There are a lot of things that I still don't understand. Books are not my only teachers; friends and even strangers that I meet everyday--they all have something to teach me. It is what keeps me going. I'd like to think that I wake up every morning a better person compared to who I was yesterday. That to me is the only thing that matters.

And I look forward to sowing more seeds (not wild oats :-)) tomorrow.

Tuesday, October 12, 2004

Ngobrol-Ngobrol about Darkness and Loneliness

Ngobrol-Ngobrol about Darkness and Loneliness

Worked on my laptop for four solid hours at the Phoe Nam cafe this morning. Satisfied with my morning burst of productivity, I plugged on my earphones and rewarded myself with songs by Dewa from my MP3 collection which I also carry with me on my mobile office. The song Mistikus Cinta still fills me with a bit of nolstagia made me slightly misty-eyed.

The weather has been quite hot in Jakarta lately (but still not as bad as Klang Valley though). I decided to have soto Madura for lunch at Kantin Surabaya a short distance away--with the customary twist of lime and a dash of sambel and kecap manis. The place wasn't air-conditioned and the meal made me sweat profusely. But it's good to sweat sometimes, especially when you have spent the whole week living in a hotel.

I don't intend to blog on any "serious" topic today. Just want to ngobrol-ngobrol a little bit about the weather and the food...

I forgot to mention that I went to watch the Exorcist: The Beginning at the Block M Plaza cineplex during the weekends. The first Exorcist terrified me when I first watched it as a kid at the Lido cinema back in my hometown. For weeks I was afraid of the dark and dared not sleep alone.

This latest installment of the Exorcist franchise is a little bit disappointing because it has to cater to modern audiences who expect a cheap shock every few minutes. The first Exorcist starring Linda Blair was a cinematic masterpiece with good acting and a slow atmospheric buildup heightened by the clever application of religious motifs. Even Exorcist III directed by the author himself, William Peter Blatty did a reasonably good job.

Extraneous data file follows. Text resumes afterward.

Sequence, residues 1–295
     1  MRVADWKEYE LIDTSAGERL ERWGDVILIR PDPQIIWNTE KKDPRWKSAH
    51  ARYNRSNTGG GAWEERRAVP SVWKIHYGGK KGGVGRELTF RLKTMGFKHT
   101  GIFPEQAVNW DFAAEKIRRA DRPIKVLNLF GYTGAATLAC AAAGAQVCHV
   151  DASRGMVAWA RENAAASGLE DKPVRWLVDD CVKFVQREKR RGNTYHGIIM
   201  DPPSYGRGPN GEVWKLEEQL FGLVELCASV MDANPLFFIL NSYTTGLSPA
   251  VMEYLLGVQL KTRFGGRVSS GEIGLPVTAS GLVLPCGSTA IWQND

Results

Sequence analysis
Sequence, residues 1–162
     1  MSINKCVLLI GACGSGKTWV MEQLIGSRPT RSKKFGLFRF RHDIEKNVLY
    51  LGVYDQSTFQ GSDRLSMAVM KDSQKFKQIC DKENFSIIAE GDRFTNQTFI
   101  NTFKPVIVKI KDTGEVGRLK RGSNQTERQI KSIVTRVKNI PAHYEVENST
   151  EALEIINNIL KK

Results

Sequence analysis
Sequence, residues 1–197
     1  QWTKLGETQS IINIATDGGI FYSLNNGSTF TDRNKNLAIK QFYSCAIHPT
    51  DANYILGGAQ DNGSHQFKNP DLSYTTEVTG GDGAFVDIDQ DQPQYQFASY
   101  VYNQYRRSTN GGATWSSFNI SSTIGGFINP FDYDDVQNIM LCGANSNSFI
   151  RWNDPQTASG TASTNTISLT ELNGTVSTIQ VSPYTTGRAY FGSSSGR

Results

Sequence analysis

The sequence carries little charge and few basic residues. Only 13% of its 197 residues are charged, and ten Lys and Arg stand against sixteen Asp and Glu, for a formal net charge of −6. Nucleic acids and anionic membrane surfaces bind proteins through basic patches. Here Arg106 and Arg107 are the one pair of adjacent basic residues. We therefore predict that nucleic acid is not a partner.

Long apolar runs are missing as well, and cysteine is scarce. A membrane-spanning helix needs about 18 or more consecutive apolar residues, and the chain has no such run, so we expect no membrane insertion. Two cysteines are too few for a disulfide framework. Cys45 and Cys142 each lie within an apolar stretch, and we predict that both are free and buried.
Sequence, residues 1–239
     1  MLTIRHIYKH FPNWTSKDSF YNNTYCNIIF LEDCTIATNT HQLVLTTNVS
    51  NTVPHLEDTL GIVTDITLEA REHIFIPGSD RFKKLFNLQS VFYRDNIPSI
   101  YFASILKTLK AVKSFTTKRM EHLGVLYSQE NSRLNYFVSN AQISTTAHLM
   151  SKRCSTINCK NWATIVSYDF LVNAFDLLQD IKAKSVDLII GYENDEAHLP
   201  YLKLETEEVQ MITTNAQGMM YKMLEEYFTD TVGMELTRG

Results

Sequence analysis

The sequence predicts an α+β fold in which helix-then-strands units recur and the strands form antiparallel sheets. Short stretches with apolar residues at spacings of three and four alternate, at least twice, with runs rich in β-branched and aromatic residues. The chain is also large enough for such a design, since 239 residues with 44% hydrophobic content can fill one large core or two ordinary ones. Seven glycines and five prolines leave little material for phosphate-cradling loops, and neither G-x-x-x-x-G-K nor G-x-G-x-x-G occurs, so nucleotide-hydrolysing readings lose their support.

In trying to modernize this classic of the religious horror genre, director Renny Harlin (of Deep Blue Sea, Cutthroat Island, Die Hard2 and Elm Street IV fame) made generous use of the latest CGI techniques and ended up making the movie look like it had been stitched together from rejected takes from The Mummy and Hellraiser II.

Obviously it didn't scare me one bit. I had no problems sleeping alone that night. It's strange how when kids grow up, their main fear is no longer darkness but loneliness. It takes some time, but thank God I've outgrown that too.

The Superman in Us

The Superman in Us

It's great spending my weekend working on my computer from my favourite cafes in Jakarta. This morning, I spent a couple of hours working from the 24-hour Starbucks near Sarinah and later adjourned to the Internet cafe to catch up on the latest news.

It was there that I found out that Superman actor, Christopher Reeve had passed away at 52 years of age. Since his unfortunate riding accident nine years ago that made him paralyzed from neck downwards, I've had the opportunity to watch him in many interviews on TV; and everytime I was inspired by his indomitable will to live and his undying belief that one day he will be able to walk again. Besides being a very active campaigner for spinal cord and stem cell research, he had also managed to direct and act in several movies, despite his condition.

This evening I managed to catch a rerun of his interview with Tom Brooks on the BCC Hardtalk program. In the interview, he said something very interesting: he said that everyone is in a way paralyzed--if not physically, it's by fear, low self-esteem or other psychological shortcomings. It's all relative.